Hurricane Harvey leaves the Houston housing market in a bit of a mess

Jennifer Bryant looks over the debris from her family business destroyed by Hurricane Harvey Saturday, Aug. 26, 2017, in Katy, Texas. Harvey rolled over the Texas Gulf Coast on Saturday, smashing homes and businesses and lashing the shore with wind and rain so intense that drivers were forced off the road because they could not see in front of them. (AP Photo/David J. Phillip)

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A report on the Houston housing market shows that foreclosures were on the rise before Hurricane Harvey made landfall, and are expected to increase even more in the wake of the storm. A report from Attorn Data Solutions, a real estate market analysis firm, showed that foreclosure postings in Houston rose by 67 percent from the previous year, compared to a 21 percent increase across the nation.

Daren Blomquist, an economist with Attorn Data Solutions, told a Dallas newspaper that the troubled Houston housing market will only get worse in the wake of Harvey.

“The Houston housing market was already showing signs of distress even before Hurricane Harvey hit,” Blomquist said. “Hurricane Harvey will mean even more distress in the Houston housing market over the next year or two, although it may take some time for that to show up in the foreclosure numbers given the foreclosure moratoriums in place.”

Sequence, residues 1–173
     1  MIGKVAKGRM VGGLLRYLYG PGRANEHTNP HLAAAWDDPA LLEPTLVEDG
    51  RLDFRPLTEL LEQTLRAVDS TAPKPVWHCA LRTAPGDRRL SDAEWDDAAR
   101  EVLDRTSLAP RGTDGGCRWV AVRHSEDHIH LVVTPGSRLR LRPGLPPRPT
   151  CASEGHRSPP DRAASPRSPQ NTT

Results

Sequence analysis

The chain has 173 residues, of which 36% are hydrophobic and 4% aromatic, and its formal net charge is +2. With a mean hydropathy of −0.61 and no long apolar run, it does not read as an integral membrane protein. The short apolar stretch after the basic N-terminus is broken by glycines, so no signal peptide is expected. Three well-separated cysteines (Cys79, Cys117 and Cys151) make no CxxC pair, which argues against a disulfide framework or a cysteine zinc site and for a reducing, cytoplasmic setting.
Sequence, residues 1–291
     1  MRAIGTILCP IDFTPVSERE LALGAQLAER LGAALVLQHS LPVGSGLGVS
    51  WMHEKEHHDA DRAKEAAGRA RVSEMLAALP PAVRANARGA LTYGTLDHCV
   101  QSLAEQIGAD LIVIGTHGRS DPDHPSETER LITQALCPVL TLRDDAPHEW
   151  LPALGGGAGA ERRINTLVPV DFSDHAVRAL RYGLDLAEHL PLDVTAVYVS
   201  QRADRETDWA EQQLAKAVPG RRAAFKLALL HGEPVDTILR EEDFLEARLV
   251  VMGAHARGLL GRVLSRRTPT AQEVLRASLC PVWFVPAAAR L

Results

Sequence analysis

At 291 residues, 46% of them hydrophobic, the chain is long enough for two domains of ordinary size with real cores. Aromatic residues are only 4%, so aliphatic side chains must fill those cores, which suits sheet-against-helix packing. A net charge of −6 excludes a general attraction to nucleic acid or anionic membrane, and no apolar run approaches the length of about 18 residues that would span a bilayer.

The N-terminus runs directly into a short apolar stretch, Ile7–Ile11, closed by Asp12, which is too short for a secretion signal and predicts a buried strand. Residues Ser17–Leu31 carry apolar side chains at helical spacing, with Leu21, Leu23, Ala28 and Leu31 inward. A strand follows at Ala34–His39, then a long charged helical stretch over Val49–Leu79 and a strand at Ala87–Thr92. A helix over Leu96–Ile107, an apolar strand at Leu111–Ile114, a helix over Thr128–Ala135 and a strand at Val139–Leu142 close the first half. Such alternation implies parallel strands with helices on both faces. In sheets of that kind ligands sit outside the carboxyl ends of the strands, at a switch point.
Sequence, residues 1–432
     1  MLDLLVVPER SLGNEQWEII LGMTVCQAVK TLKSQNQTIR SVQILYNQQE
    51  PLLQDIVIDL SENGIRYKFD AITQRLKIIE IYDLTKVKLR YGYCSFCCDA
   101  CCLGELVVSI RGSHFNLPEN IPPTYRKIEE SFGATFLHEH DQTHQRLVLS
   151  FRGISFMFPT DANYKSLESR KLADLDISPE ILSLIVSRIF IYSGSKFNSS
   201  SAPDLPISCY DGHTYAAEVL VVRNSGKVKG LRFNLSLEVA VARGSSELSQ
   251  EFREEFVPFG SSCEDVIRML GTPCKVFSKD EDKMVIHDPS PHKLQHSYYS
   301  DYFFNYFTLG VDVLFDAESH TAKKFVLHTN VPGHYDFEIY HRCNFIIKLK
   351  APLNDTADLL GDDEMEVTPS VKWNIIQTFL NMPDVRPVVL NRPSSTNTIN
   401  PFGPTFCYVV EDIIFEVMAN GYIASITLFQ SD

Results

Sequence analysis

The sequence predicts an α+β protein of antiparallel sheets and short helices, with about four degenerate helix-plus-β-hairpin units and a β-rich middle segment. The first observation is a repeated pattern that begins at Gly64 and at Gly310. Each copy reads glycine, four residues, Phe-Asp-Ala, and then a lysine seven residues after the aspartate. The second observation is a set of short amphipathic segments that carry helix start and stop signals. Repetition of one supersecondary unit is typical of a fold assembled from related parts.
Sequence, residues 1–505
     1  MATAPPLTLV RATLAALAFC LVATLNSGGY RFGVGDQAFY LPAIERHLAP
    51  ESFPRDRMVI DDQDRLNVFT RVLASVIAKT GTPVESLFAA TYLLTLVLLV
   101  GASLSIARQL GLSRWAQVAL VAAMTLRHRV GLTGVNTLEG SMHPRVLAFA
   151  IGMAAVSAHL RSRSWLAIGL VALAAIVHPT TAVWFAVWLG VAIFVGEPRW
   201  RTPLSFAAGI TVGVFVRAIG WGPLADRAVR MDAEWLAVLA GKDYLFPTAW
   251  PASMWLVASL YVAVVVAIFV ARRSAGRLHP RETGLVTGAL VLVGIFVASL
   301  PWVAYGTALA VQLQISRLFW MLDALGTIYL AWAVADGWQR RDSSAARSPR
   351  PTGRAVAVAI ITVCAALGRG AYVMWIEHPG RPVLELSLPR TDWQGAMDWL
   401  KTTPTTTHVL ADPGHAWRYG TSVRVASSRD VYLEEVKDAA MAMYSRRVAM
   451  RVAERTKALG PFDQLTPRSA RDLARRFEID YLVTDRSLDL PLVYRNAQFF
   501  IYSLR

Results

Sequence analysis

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Another factor that could mean another hit to the market is the number of distressed home sales. With thousands of homes sustaining catastrophic damage, both due to the rains and to the release of floodwaters from two major reservoirs, many homeowners are selling homes “as-is,” hoping to recoup at least a fraction of their investment.

According to real estate market observers, other homeowners may simply choose to walk away from their mortgages. With high demand for contractors, and the accompanying high costs of repair, homeowners without flood insurance may not have a choice but to leave their homes and take the losses.

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The loss of homes due to the floods, combined with an ongoing labor shortage in the construction trades, could lead to a severe housing shortage in the months and years to come. The ripples from Harvey, and Irma in the southeastern U.S., could contribute to a nationwide housing shortage.

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